In 1745, Mary Musgrove Bosomworth petitioned the Georgia Trustees for recognition of Tomochichi’s cession of a tract of land to her. She also asked for back payment for the 12 years which she served the colony as an interpreter. The Trustees refused to recognize her land claim. With regard to her claim for back payment, they decreed that a debt owed by her husband must be paid before any settlement could be made.
In 1747, Creek leader Malatchi acknowledged to the British colonial authorities the land claims of his cousin Mary Musgrove.
In spite of their dispute with Mary over land claims and back pay, the English colonial officials still needed her help. In 1747 they asked her to lead an expedition to ameliorate a dispute between the Creek and the English settlers in South Carolina and Georgia. The English officials, however, felt that they could not have a woman lead such an expedition and they instead appointed her brother-in-law as the official leader.
In 1749, Mary and her husband decided to travel to England to directly petition for compensation for her services to the colonies. A rumor soon circulated through the Creek villages that she was going to England under duress. Some rumors claimed that she was going in chains. In response to the rumors, Creek leader Malatchi traveled to Savannah to check on his cousin. The British, ignorant of the role which women play in Creek culture, assumed that Malatchi wouldn’t travel so far just to check on the status of a woman. They thus ignored his arrival which was an insult to his position as a Creek leader.
With feelings rising on both sides, the Creek leaders were treated to a customary dinner. During the meal, Mary Musgrove announced that she was the “empress” or “queen” of the Lower Creek, and that she was a British ally rather than a subject. The British refused to accept this claim and Mary Musgrove and Malatchi left in anger.
Following the incident at Savannah, about 200 Creek under the leadership of Malatchi met with the British governor and presented to him a paper stating that Mary Musgrove was their queen. The British simply dismissed her as “an insignificant squaw.” She refused to leave the council and began shouting. After a confrontation with the Creek warriors, the enraged British had the colonial magistrates arrest her. Her husband, Thomas Bosomworth, publicly apologized for her and promised that there would be no future outbursts.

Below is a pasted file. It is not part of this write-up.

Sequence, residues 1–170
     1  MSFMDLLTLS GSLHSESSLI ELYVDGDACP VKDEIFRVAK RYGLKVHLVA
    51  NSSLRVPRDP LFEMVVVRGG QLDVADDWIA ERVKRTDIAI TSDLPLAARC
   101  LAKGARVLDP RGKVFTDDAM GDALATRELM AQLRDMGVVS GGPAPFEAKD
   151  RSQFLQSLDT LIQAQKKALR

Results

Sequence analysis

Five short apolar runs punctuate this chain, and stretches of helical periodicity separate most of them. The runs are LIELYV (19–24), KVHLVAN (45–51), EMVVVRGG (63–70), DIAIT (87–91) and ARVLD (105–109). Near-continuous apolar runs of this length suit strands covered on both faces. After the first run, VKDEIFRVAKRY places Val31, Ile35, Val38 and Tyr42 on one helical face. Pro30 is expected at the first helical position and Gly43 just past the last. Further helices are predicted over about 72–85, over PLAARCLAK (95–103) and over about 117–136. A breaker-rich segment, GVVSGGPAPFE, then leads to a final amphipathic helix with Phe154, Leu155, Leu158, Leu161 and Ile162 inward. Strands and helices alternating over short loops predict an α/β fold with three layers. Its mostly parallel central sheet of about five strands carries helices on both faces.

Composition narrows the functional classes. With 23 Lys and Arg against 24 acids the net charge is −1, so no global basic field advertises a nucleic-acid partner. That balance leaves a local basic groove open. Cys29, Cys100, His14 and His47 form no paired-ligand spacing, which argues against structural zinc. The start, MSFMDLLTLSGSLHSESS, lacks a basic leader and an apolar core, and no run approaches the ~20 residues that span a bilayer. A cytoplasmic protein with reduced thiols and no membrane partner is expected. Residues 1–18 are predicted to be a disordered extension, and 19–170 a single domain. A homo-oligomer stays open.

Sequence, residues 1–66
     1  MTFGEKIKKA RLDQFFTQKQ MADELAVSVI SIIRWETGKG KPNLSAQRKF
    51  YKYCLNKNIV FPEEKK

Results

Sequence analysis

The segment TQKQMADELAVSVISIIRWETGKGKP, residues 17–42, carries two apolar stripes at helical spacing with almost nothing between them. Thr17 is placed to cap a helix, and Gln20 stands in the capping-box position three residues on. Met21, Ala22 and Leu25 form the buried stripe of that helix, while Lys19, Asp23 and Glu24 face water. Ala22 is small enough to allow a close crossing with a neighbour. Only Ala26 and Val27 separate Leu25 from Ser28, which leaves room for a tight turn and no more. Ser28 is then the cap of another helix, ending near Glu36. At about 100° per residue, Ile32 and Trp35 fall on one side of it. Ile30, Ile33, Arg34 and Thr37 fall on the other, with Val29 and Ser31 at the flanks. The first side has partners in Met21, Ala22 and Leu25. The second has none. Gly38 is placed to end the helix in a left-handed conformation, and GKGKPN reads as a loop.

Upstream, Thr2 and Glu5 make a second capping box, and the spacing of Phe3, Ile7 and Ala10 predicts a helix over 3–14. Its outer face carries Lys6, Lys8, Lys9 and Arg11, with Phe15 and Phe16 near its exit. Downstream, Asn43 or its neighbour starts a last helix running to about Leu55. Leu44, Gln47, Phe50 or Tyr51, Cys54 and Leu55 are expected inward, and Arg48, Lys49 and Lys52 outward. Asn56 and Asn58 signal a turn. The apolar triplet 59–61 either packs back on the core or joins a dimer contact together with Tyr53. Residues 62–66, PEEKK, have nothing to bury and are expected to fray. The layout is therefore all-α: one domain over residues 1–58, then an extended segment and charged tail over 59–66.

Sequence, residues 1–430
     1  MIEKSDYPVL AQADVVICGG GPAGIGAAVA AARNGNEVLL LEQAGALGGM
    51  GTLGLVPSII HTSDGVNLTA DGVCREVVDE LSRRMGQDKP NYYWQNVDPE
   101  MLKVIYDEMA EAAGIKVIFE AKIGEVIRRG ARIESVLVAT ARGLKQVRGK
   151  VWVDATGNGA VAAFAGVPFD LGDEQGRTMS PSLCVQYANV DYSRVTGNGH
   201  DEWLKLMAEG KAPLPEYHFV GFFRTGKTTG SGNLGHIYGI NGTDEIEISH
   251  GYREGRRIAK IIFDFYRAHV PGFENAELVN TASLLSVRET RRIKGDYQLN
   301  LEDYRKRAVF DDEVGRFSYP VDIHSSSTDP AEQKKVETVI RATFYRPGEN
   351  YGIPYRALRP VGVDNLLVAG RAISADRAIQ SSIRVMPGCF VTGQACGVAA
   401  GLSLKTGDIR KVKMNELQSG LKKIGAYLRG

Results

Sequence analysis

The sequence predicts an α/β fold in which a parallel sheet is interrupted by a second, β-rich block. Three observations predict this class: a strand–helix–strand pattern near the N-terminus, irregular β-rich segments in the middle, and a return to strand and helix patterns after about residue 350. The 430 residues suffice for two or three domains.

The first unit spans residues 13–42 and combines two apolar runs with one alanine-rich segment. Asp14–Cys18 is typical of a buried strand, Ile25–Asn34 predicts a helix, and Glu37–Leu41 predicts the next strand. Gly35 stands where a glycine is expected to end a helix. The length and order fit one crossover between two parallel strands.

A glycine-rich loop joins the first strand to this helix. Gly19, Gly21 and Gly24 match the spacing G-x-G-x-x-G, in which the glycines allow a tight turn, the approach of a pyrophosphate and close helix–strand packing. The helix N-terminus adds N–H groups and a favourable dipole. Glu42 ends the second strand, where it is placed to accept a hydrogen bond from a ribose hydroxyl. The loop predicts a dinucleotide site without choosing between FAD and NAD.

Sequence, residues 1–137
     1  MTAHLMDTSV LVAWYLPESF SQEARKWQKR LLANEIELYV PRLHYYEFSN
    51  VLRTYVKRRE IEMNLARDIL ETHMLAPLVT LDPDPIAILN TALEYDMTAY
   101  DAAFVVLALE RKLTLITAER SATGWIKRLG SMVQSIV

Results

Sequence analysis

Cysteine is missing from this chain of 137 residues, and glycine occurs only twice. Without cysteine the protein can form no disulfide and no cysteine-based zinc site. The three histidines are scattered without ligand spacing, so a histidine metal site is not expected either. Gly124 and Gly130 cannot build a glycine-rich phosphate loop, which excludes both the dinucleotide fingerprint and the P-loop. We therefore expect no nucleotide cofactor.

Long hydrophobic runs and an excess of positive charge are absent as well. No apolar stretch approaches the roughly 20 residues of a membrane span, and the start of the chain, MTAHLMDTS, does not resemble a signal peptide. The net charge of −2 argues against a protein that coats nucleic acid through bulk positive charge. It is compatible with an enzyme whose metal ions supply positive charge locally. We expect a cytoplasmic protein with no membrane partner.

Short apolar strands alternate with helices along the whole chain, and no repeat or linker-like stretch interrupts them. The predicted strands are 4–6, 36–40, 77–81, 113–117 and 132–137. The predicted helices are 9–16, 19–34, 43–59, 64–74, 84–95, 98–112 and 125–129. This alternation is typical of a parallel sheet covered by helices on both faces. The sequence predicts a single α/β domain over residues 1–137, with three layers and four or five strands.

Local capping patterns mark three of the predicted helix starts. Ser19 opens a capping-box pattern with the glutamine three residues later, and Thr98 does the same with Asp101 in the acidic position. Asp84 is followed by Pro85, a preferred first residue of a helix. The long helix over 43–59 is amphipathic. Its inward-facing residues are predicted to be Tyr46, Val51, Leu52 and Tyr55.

By 1752, Mary and Thomas went to Charles Town in South Carolina to find transportation to England so that they could plead their case in person before the Board of Trade. However, the governor of South Carolina delayed their departure by asking for their assistance in establishing peace between the Creek and the Cherokee.
They finally traveled to England in 1754 and were able to present Mary’s case directly to the Board of Trade. The Board of Trade referred the case to the Georgia courts.
In 1755, Mary Musgrove identified herself to the British colonial authorities as the head of the Creek Nation. She reminded the British that in Creek culture, inheritance is through the female line. Thus her “royalty” came from her mother who was the brother of the Creek mico Brims and the Creek war leader Chekilli. Her father was English.
The English finally settled Mary Musgrove’s claim for past services and recognition of land claims in 1759. The settlement was a fraction of that which was owed. In exchange for St. Catherines Island and £2,100, she relinquished her claim to the other islands.
Mary Musgrove died on St. Catherines Island in 1763. While she served the British as a translator, she received little compensation for these services. While the Creek acknowledged her as a “queen,” the British refused to recognize that a woman could have political power.